Over the next year, on Mondays and Thursdays, I will introduce consecutive passages from my new novel, Red Queen to White Queen. The book explores how a Colombian matriarch came to exert a lifelong dominance over her family, until a newcomer threatens her reign. At the end of each chapter, you will find a recipe from the book.
Cast of Characters:
Magdalena (Magda): Already in her 80s when the book begins, Magda is the most powerful figure in her family. Flashbacks explore the life that made her who she is
Rosalba: Magda’s daughter, who has devoted her life to the care of her mother
Immaculata (Imma): Magda’s lifelong servant
Dante: Magda’s husband
Seňora Moreno: Family friend of long standing
Desiderio: Magda’s son
Don Claudio & Don Cosimo: Italian brothers, friends of the family
Father Martens: Magda’s Belgian tutor
xxx Click here for Part I.
Five days later, Magda was trudging along beside her guardian. She had finally succumbed to the old woman’s pleas to visit the Church of Santo Domingo. After so many days, she was confident they would not encounter the young Señor Gaviria.
“You should be ashamed of yourself, wanting to see the devil’s work.”
Taking jabs at her duenna helped alleviate the tension that had building in her all week.
As they neared the church, they saw a slender, white-clad figure leaning against the church door. Hat in hand, he approached Señora Rodriguez to hand her a paper sack. Delighted, the old woman lady peered inside at the wide selection of offerings from the candy arcade. She seized a large white cocada and immediately bit into it, closing her eyes as she savoured the sweet coconut flavour.
I thought you’d be in the park,” said Magda. Appalled at having spoken her secret thoughts, she pressed her lips together.
“I’ve been here every day for five days,” whispered Téo. “I would have been here every day for a year, if need be.”
His words did not surprise her. The country’s folklore was filled with romantic tales of young men undertaking such lengthy vigils, growing melancholy and wasted in the process. They were almost a rite of passage for Colombian youth. What did surprise her was the excitement she felt.
Lips outlined in sugar, Señora Rodriguez leaned back, shadowing the sun with her hand and peering up at the church tower.
“The story is true, it’s twisted!” she announced triumphantly. Magda rolled her eyes, Téo laughed.
Faster than she had moved in some years, Señora Rodriguez headed for the church door. Magda had no choice but to follow. A moment after she stepped from the heat of the square into the building’s cool, shadowy depths, Téo reached for her hand.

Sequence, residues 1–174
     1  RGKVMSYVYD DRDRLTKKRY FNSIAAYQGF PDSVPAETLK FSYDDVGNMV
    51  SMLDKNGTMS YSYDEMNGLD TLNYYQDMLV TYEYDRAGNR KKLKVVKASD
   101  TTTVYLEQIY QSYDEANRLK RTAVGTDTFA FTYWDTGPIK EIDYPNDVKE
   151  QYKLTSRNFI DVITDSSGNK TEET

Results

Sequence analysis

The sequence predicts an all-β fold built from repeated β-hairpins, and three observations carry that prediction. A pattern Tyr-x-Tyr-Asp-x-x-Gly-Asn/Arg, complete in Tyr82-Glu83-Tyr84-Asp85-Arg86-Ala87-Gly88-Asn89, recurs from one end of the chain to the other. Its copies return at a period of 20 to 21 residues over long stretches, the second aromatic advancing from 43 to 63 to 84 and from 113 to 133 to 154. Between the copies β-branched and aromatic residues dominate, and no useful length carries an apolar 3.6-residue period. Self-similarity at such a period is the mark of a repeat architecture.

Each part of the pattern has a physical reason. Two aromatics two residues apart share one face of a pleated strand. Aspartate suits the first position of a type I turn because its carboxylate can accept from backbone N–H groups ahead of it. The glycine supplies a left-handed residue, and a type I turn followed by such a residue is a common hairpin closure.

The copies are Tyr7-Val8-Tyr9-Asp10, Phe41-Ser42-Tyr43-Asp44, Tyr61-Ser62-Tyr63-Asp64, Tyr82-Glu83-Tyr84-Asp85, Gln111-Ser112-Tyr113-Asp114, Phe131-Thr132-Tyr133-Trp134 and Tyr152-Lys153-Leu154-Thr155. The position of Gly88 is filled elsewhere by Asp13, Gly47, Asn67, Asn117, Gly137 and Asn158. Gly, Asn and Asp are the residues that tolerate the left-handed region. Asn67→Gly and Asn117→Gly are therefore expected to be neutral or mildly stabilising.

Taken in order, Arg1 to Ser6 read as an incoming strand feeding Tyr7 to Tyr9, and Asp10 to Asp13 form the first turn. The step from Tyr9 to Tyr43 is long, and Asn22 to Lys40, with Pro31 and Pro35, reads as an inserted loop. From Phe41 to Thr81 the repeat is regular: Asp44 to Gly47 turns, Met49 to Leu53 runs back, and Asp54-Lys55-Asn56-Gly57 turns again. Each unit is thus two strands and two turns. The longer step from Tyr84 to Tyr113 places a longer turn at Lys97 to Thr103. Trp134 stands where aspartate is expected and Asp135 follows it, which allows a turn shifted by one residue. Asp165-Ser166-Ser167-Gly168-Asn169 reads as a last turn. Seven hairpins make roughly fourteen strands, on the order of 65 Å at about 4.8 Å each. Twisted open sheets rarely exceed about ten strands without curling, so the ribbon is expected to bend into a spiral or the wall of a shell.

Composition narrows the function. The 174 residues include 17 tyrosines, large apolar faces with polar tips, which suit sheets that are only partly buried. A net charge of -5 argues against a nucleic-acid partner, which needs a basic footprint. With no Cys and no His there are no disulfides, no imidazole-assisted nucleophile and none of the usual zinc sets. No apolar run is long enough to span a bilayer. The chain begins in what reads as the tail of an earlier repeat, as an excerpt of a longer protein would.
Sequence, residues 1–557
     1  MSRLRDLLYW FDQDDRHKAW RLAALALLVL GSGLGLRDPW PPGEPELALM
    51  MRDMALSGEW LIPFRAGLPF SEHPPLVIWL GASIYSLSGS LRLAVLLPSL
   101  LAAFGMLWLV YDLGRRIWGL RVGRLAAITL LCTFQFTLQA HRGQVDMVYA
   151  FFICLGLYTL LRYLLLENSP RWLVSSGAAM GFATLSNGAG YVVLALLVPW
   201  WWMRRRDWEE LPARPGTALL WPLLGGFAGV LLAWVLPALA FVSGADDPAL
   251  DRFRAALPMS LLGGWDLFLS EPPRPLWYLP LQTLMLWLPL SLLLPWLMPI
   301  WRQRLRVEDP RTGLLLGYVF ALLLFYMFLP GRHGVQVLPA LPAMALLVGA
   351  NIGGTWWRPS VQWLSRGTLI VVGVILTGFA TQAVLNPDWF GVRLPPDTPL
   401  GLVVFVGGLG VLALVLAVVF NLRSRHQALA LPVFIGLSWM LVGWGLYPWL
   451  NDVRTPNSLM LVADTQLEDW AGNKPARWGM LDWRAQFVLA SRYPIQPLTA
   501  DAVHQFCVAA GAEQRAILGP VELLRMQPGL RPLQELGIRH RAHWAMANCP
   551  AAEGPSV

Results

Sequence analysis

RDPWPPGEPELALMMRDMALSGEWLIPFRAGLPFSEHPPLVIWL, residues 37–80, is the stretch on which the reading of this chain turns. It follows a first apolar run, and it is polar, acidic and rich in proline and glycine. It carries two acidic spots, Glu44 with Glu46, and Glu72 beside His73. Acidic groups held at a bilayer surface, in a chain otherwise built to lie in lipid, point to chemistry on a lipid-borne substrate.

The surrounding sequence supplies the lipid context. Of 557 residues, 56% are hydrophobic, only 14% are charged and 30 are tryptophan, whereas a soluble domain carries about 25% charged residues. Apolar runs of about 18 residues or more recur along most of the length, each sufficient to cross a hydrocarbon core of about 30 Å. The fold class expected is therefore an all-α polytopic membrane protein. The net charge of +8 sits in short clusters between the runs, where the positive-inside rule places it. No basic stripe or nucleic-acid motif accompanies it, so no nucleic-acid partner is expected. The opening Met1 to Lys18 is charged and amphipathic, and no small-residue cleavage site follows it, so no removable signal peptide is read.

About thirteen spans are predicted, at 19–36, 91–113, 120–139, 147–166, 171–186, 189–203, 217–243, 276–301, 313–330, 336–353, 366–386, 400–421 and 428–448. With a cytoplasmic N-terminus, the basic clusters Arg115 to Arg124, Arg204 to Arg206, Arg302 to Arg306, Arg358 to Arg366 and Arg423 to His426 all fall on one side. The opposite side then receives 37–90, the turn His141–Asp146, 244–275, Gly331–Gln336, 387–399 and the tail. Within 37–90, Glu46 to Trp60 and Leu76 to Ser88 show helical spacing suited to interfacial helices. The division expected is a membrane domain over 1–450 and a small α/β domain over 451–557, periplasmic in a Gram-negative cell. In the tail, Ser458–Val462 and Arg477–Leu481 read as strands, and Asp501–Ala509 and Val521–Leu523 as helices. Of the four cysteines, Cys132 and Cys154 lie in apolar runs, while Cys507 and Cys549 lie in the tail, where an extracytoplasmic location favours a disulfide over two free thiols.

Magda pulled away, moving toward her duenna. The old woman was genuflecting deeply at the pastel-tinted altar. Its gentle pinks and shadowy violets flickered in the light of a hundred votive candles, kept aglow by the prayers of the faithful. Señora Rodriguez lumbered over to them, searching for a coin in her reticule.
“Allow me,” said Téo, dropping a peso into the donation box.
“That should keep her busy for a while,” he whispered to Magda.
She stared back in disbelief. Pesos were reserved for the purchase of miracles: a plea to spare the city from sudden attack might warrant a peso or two. An old woman’s prayers were scarcely worth two pennies.
“Your money is wasted on Señora Rodriguez. She’ll just pray for more cocadas.”
Téo laughed low and grabbed Magda’s hand to pull her into the colonnaded aisle. Screening their faces with his hat, he drew her close and kissed her. Magda felt sensations in places she barely acknowledged and never spoke of.
Every heroine in every tale would have seized the opportunity to slap him. But Magda was no ordinary heroine: she leaned closer.
Later, in her room, she inhaled the light scent of coconut oil which still lingered on fingers that had wound themselves into his black hair.
Cartagena was a small city, with only a few places where a young lady and her duenna might venture. A young man with long strides could check all of them in half an hour. Browing for leather goods in the shopping district, the girl would be stopped mid-pace by a tug on her skirt. Sipping a glass of iced carrot and orange juice beside the quay, they’d find him watching the banana and coconut boats.
At first, Señora Rodriguez narrowed her eyes when she saw him; but the young man made himself useful by carrying packages, fanning them when the heat grew unbearable, and leading them to delightful, shaded gardens.
This morning, Magda was escoring a puffing Señora Rodriguez up the series of stone steps leading to the Castillo San Felipe. After their first kiss, Téo was careful to ensure the duenna received the greater share of his attention. Magda was brushed aside as the young man offered a gallant arm to Señora Rodriguez . She wandered along behind as the two trudged up the long approach to the castle, Téo dragging the older woman.